Sterling hits five-week-high versus euro as sovereign debt issues re-emerge

Tom Tong09/Νοέ/2010Currency Updates


Sterling continued its recent strength against the euro as concerns over sovereign debt issues in Europe resurfaced. Sterling hit a five week high against the euro on worries about Eurozone debt in Ireland and Portugal. Encouraging UK economic data of late has also increased interest in the pound. For example, the positive PMI data has continued inflationary pressures causing calls for in interest hikes sooner than anticipated. Sterling was down around 0.2% against the dollar. This morning RICS house price data was worse than expected but this news was countered by better than anticipated retail sales monitor data. There is an interesting day ahead for sterling with GDP estimate figures, industrial production, manufacturing production and trade balance figures to come.


The dollar has been boosted by the improving US economic outlook since last Friday’s US non-farm payrolls came in much better than expected. The dollar has seen levels against the euro and sterling rebalance downwards after the positive data at the back of last week. In an unusually sharp rebuke of US monetary policy, delivered on the eve of the much-awaited G20 summit, Jean-Claude Junker, head of the group of Eurozone finance ministers, said the dollar was undervalued and the Fed stimulus threatened «risks» for the world at large. With QE2 now addressed, the impact of such large stimulus is yet to be seen.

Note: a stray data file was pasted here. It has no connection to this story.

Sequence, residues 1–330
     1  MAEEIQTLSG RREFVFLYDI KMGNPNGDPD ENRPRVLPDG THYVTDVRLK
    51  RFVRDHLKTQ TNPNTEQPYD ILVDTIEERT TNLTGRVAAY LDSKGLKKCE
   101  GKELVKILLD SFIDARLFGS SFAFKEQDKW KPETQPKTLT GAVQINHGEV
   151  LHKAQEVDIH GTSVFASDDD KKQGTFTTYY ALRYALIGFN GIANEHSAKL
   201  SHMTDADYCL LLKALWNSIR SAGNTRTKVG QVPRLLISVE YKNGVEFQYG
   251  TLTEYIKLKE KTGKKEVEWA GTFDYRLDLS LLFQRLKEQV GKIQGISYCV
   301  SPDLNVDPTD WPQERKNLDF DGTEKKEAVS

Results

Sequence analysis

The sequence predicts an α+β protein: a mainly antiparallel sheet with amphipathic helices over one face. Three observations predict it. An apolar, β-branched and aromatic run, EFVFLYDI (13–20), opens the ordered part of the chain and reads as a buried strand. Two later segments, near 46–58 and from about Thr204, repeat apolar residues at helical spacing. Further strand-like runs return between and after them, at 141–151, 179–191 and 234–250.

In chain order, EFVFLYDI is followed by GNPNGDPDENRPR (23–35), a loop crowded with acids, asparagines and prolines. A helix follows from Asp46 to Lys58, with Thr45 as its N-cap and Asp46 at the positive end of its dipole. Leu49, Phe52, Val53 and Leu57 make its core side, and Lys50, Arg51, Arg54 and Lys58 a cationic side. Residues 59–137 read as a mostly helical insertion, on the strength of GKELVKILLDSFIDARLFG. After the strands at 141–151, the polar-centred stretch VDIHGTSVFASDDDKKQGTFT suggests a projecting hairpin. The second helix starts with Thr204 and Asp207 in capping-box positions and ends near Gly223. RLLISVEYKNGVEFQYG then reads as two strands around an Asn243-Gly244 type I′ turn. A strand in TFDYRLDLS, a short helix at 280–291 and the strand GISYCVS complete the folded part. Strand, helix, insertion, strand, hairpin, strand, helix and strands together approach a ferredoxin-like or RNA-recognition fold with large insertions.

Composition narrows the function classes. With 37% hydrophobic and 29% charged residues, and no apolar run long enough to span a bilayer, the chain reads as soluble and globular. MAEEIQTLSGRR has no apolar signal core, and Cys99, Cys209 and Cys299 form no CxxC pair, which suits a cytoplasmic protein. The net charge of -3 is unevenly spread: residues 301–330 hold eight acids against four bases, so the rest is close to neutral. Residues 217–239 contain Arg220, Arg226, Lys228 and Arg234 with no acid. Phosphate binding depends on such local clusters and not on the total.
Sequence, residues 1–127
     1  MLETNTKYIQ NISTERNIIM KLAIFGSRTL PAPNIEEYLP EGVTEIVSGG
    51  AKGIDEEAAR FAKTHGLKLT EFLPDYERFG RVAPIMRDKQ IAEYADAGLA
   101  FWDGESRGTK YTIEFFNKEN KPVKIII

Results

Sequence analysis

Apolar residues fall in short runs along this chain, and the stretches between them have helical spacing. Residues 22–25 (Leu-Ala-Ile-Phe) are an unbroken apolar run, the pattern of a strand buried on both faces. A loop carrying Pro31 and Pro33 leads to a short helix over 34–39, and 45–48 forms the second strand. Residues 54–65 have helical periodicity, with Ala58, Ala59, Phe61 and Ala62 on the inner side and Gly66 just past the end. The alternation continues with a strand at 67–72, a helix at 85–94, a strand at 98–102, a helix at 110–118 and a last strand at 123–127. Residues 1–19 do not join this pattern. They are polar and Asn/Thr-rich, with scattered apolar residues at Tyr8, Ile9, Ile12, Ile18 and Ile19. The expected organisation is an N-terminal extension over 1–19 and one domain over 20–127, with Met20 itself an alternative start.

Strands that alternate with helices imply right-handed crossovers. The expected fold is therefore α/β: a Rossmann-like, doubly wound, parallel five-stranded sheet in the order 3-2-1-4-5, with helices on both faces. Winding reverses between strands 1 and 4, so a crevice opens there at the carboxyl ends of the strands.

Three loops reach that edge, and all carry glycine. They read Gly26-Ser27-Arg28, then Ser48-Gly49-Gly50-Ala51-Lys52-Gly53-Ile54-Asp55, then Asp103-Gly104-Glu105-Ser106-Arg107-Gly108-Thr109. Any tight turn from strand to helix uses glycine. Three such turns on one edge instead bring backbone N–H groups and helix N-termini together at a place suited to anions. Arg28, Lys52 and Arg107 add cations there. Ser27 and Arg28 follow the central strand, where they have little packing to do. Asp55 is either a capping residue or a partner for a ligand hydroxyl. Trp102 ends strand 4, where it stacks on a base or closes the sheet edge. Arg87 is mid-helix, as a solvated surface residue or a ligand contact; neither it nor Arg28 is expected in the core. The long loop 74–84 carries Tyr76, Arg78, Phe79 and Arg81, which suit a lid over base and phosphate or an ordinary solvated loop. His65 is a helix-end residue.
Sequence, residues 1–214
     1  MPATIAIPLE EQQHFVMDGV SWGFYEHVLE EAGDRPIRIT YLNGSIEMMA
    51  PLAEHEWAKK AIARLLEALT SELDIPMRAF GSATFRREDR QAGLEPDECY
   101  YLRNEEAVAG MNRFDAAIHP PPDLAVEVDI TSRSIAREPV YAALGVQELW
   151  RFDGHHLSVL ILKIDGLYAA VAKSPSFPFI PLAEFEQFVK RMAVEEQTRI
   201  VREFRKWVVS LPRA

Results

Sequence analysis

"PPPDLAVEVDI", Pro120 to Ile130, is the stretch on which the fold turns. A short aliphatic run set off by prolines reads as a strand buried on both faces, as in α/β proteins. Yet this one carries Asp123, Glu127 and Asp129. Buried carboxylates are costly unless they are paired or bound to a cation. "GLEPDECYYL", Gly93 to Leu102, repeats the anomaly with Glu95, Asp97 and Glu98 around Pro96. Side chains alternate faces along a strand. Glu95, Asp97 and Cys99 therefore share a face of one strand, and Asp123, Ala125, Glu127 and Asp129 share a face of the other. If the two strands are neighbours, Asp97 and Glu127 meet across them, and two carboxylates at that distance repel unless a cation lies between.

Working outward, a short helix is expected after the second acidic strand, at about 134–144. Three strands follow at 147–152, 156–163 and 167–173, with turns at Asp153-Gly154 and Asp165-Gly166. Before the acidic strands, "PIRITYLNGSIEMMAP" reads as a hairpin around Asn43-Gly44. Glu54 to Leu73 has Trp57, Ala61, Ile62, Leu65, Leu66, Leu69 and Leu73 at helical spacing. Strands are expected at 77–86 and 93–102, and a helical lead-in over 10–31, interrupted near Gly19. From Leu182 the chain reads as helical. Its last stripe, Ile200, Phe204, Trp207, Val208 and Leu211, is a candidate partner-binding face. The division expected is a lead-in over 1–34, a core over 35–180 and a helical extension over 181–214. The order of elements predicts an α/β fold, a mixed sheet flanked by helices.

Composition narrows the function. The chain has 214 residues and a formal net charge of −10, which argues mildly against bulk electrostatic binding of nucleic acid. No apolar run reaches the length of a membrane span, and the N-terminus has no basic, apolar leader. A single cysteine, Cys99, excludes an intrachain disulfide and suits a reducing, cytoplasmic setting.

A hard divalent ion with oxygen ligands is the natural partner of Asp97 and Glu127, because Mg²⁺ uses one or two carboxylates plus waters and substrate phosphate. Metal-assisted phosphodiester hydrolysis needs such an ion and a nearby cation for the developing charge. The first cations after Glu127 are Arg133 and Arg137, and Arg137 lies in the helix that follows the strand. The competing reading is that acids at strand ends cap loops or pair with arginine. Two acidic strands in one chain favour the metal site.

The euro extended its losses on Tuesday on renewed concerns about high sovereign debt in the Eurozone. Ireland is the latest country to rattle the single currency, with Irish borrowing costs extending a month-long climb on worries about a political impasse in Dublin ahead of a budget vote. The yield on Irish 10-year bonds hit 8% for the first time on Monday. Despite this doom and gloom surrounding the peripheral Euro nations, the powerhouse that has been pulling the block out of recession continued to do well – Germany posted better than anticipated trade balance, current account and export yesterday whilst industrial production figures where slightly down.


Written by Tom Tong

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